A great example of this style of blues rhythm can be heard on “Baby What You Want Me To Do” by Jimmy Reed.
Blues Rhythm #8 is almost like a combination of Blues Rhythm #2 and Blues Rhythm #3. We are going to move up the 5th string (root-fifth, root-sixth, root-seventh). But we are going to keep bouncing back down to the root-fifth. This creates a cool little melody in the rhythm part.
This style of blues rhythm can be heard in Magic Sam’s version of “Sweet Home Chicago.”
This example starts to incorporate a boogie-woogie bass line into the rhythm. Start by playing the low 6th string open. Then play a double-stop on the 2nd fret of the 5th and 4th strings. Then the rest of the pattern is a bass line using single notes.
This style of blues rhythm can be heard in the song “Roadhouse Blues” featuring Robby Krieger on guitar.
Blues Rhythm #10 is one of the most iconic blues guitar rhythms of all time. This is Stevie Ray Vaughan’s Pride and Joy shuffle. SRV would play this tuned down ½ step.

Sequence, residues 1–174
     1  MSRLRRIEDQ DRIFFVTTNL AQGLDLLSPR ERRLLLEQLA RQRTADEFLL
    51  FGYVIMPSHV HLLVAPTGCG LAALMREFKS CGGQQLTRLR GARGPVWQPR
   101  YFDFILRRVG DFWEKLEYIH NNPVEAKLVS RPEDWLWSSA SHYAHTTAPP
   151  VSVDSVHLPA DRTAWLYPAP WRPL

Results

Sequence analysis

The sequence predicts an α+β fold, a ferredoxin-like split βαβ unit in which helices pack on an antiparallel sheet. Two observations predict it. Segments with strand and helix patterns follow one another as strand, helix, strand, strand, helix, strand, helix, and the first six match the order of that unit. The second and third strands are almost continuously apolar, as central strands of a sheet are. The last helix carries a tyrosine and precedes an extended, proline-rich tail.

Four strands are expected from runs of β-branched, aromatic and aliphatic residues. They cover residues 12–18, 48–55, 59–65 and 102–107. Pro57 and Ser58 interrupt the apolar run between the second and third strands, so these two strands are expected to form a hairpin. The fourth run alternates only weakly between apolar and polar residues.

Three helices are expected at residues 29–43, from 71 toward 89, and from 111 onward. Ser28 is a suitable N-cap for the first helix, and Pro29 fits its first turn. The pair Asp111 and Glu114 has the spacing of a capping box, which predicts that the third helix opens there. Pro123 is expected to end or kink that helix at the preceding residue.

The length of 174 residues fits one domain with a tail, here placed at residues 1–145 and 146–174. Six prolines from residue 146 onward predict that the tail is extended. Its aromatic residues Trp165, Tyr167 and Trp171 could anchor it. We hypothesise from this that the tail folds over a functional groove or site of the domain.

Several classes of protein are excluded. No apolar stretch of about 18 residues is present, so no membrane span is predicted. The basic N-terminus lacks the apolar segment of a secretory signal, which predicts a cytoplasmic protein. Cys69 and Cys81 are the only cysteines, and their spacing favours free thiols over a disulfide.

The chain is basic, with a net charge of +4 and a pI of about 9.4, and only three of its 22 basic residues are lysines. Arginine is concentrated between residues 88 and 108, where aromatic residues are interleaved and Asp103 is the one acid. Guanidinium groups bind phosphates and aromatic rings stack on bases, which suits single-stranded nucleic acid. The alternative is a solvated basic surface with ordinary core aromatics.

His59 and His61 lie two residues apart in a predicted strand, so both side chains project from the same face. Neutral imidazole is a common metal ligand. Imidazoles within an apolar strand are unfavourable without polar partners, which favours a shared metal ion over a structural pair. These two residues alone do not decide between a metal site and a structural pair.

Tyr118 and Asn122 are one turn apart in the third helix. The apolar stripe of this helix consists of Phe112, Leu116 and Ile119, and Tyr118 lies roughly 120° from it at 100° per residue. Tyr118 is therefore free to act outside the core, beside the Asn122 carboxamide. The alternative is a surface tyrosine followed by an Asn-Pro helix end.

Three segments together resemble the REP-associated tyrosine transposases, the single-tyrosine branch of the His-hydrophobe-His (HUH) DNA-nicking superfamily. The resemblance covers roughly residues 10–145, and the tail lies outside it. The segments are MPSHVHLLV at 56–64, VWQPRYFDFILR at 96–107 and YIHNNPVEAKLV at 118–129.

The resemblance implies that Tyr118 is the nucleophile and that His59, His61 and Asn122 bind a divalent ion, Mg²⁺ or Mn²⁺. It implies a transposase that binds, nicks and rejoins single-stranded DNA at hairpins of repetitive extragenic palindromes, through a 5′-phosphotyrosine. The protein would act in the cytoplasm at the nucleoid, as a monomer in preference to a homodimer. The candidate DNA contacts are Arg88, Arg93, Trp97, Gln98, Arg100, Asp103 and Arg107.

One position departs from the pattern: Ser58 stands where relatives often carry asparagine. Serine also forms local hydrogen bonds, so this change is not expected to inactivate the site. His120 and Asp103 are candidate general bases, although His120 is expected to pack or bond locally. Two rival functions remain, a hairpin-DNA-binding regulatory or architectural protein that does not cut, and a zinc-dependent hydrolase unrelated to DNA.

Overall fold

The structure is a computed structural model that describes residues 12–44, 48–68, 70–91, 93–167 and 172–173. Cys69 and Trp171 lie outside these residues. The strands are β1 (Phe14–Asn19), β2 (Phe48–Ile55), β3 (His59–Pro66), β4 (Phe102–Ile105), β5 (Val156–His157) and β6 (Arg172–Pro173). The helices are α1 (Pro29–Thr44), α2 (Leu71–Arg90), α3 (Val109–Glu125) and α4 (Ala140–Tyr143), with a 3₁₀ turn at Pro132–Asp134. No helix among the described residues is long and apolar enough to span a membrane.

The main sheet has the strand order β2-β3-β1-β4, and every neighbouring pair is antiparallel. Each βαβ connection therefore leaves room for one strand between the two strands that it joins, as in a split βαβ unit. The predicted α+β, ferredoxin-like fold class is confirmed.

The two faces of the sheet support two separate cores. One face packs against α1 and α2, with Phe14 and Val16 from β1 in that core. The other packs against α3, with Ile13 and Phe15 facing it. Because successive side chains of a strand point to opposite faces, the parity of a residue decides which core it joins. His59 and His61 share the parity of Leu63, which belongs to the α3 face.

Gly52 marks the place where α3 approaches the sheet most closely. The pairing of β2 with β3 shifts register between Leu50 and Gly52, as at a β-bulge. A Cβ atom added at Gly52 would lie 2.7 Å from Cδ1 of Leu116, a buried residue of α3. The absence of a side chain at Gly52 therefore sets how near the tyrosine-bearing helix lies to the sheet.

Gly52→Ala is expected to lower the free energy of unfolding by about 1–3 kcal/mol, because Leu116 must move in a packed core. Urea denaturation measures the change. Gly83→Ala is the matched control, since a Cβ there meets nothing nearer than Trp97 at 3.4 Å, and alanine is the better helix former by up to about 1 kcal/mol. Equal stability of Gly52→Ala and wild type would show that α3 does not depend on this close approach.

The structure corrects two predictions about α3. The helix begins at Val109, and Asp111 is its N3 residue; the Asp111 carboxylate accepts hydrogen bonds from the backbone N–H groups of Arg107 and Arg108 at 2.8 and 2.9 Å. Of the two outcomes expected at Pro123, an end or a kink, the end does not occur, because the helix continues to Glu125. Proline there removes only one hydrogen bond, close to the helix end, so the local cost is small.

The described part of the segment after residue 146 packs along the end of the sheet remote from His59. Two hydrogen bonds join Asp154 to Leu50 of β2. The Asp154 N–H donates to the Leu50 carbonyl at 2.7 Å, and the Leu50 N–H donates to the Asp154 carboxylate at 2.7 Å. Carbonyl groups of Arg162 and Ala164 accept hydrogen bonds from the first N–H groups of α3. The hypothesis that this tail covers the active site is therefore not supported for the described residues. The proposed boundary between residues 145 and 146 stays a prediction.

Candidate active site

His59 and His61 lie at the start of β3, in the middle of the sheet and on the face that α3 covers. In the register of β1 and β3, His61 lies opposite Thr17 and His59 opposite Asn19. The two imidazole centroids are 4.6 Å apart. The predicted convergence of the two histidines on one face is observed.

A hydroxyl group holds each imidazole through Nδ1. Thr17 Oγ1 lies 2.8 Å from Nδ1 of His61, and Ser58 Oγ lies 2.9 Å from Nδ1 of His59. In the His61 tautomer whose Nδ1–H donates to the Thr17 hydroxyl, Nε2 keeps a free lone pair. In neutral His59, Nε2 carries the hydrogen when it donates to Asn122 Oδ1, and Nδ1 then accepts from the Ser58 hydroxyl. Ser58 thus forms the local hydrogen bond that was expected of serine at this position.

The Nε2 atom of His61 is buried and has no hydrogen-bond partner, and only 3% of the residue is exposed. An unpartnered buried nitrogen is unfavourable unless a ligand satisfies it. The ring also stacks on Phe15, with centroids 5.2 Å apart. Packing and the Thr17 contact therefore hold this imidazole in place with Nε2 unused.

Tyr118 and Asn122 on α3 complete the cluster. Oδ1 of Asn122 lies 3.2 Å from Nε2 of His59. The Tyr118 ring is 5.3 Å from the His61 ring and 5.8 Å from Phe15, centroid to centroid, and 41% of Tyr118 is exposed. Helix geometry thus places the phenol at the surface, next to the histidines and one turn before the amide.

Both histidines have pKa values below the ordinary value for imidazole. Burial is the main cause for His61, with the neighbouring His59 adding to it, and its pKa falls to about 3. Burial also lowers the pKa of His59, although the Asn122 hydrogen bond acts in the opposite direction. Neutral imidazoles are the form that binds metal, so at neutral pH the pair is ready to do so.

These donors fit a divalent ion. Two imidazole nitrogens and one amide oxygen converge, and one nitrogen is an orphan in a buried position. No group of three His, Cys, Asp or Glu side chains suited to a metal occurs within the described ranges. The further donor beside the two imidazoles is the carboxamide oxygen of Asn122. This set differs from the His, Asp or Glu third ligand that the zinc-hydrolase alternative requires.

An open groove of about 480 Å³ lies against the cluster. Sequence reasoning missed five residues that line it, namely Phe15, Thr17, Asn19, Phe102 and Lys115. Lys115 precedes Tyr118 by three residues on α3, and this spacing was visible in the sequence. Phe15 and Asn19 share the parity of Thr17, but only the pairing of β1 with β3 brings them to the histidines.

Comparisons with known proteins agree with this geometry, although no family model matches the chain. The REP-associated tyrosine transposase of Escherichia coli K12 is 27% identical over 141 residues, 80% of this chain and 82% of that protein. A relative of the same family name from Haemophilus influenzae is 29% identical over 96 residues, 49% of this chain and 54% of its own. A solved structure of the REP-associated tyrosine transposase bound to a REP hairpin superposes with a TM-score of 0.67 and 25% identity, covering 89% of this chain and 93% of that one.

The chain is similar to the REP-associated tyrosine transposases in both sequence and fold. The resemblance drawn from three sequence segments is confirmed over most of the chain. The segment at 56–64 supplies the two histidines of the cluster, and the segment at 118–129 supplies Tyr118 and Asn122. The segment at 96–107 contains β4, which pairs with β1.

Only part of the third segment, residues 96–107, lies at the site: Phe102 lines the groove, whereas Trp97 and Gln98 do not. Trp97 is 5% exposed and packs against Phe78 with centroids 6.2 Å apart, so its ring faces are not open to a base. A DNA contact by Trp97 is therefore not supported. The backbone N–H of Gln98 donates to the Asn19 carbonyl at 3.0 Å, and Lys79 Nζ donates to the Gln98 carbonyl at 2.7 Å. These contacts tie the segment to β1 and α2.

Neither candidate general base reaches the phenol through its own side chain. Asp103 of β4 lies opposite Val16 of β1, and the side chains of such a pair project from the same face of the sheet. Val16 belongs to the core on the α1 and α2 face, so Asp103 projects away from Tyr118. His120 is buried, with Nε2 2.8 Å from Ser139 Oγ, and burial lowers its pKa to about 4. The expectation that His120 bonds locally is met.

So instead of:
E = 6th string
A = 5th string
D = 4th string
G = 3rd string
B = 2nd string
E = 1st string
He would tune:
Eb = 6th string
Ab = 5th string
Db = 4th string
Gb = 3rd string
Bb = 2nd string
Eb = 1st string
Keep in mind this is probably the most difficult of the bunch for most players. So here is another entire lesson on just this shuffle pattern alone.
Developing a strong foundation in blues rhythm guitar is essential for all guitar players that want to play popular music. Just like Jimi Hendrix and Stevie Ray Vaughan, who excelled in both lead and rhythm playing, mastering blues rhythm is crucial.
So there you have it! 10 amazing blues shuffle patterns. From the foundational root-fifth to root-sixth movement to variations with backbeats, higher fret positions, triplets, arpeggiation, and boogie-woogie bass lines, these patterns add depth to your blues playing.
Don't forget to focus on making these rhythms really swing! By incorporating the shuffle into your playing, you can capture the essence of blues rhythm.
Drawing inspiration from blues legends like Jimmy Reed and Stevie Ray Vaughan, you’ll use these patterns in many iconic blues songs. Happy playing and for more blues guitar check out this blog on the 101 Best Blues Songs to Learn on Guitar